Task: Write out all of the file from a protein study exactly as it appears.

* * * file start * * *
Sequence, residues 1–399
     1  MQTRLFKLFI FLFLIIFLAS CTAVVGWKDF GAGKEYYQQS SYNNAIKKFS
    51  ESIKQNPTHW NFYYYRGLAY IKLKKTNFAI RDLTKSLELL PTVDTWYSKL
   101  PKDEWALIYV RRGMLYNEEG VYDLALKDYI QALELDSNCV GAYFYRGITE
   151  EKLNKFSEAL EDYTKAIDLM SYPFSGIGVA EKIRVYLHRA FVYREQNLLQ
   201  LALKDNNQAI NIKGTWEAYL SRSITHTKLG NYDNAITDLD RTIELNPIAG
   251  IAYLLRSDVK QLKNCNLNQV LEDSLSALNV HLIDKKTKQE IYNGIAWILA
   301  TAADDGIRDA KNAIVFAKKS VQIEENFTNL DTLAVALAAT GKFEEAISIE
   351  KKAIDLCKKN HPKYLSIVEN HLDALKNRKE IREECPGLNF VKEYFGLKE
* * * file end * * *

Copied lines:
Sequence, residues 1–399
     1  MQTRLFKLFI FLFLIIFLAS CTAVVGWKDF GAGKEYYQQS SYNNAIKKFS
    51  ESIKQNPTHW NFYYYRGLAY IKLKKTNFAI RDLTKSLELL PTVDTWYSKL
   101  PKDEWALIYV RRGMLYNEEG VYDLALKDYI QALELDSNCV GAYFYRGITE
   151  EKLNKFSEAL EDYTKAIDLM SYPFSGIGVA EKIRVYLHRA FVYREQNLLQ
   201  LALKDNNQAI NIKGTWEAYL SRSITHTKLG NYDNAITDLD RTIELNPIAG
   251  IAYLLRSDVK QLKNCNLNQV LEDSLSALNV HLIDKKTKQE IYNGIAWILA
   301  TAADDGIRDA KNAIVFAKKS VQIEENFTNL DTLAVALAAT GKFEEAISIE
   351  KKAIDLCKKN HPKYLSIVEN HLDALKNRKE IREECPGLNF VKEYFGLKE